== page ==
Other problems with the collection according to staff include the very awkward mixture of books, including large print and juvenile items that are not even on the same floor as their main collections. This could be improved by reintegrating just those few items that are a long way from being browsed by their intended audiences, and would free several shelves and possibly allow the collection to be housed in two ranges rather than three. The staff further noted that the sections within the Tennessee collection often lead to incorrect shelving- it contains reference materials, non-fiction, fiction, juvenile fiction, juvenile non-fiction, large print fiction, large print non-fiction, oversized, and oversized reference. Attempting to keep all of these classifications separated within the Tennessee Collection is difficult at best. Reintegrating or relabeling some of the materials would simplify the shelving and make the Tennessee Collection easier to use.

6.3 Report findings to your PL and provide feedback about their response to your findings.

Due to the time constraints involved with this project and the specific timing of the survey as it coincided with the first round of the library's budget hearings with Cumberland County, the author was unable to present the survey results to the director or the full Board of Trustees. The results were discussed with the James Houston, the Deputy Director, and the idea of reintegrating the Tennessee Collection was met favorably. The possibility of reintegrating some of the categories of the Tennessee Collection, specifically the fiction and juvenile materials was discussed, as was the possibility of moving the collection to the front of the non-fiction section rather than at the very back. The final option was well received indeed, as moving it to the more prominent position would offer the collection more visibility and allow for the staff to better monitor the collection, as some of the Tennessee collection (reference especially) is expensive or impossible to replace in the event of theft. At its current location, theft of any of the Tennessee collection materials is relatively easy despite the library's RFID tagging system. There is an outdoor balcony at that end of the floor, and books can be taken out and dropped to a person waiting below, or just onto the ground to be retrieved minutes later.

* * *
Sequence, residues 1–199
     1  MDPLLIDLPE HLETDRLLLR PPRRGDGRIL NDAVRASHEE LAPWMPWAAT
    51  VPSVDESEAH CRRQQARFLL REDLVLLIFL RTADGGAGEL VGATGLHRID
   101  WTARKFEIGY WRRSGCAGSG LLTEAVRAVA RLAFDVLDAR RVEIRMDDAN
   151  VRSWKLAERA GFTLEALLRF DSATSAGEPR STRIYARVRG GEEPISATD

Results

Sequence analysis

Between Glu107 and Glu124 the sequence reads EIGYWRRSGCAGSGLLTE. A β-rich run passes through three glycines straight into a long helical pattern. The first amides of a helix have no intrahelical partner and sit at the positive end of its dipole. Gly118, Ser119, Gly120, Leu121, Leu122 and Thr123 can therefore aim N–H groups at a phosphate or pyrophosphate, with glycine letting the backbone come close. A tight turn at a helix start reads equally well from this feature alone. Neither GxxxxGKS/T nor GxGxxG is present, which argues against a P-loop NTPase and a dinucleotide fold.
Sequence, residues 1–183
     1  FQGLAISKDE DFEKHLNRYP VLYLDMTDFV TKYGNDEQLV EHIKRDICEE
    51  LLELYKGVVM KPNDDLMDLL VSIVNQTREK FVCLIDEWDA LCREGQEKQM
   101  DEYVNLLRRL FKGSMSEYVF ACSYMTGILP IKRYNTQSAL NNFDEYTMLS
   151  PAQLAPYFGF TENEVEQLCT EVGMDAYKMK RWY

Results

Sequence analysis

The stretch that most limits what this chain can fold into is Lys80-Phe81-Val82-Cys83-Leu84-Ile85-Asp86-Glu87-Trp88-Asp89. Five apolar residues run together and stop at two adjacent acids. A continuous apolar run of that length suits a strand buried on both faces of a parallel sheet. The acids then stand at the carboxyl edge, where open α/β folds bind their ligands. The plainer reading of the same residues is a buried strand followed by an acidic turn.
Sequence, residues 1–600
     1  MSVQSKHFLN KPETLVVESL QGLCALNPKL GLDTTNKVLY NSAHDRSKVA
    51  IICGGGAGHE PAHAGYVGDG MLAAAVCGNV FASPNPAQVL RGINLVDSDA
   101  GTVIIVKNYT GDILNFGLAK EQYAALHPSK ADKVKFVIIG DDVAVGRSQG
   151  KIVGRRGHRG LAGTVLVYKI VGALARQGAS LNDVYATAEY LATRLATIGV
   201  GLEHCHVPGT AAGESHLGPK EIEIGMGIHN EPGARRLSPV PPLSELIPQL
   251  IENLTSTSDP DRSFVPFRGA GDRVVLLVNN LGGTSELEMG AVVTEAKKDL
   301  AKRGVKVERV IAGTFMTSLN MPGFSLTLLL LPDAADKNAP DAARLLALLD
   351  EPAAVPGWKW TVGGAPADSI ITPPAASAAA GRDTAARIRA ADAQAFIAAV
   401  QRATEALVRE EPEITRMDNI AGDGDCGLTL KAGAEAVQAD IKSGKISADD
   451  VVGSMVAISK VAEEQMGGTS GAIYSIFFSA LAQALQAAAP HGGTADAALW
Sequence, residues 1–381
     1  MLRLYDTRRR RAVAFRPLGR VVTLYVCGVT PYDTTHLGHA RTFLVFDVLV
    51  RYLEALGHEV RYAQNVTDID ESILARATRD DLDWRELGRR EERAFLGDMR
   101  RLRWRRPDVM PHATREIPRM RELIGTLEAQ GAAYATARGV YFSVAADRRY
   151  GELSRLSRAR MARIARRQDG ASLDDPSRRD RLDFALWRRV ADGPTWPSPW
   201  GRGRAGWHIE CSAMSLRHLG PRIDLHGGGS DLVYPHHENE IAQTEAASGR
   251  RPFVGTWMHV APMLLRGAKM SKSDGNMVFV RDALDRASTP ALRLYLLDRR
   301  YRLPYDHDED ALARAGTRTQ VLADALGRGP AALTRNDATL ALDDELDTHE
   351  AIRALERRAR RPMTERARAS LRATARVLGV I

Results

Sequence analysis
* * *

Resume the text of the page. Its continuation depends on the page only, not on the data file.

The possibility to implement any of these suggestions or a full reintegration of the Tennessee collection as originally proposed will not be seriously considered until after the budget cycle has run and may well be vetoed at that point. However, the chance to do something more useful with the collection and the space it currently occupies was met favorably by at least one member of the management staff.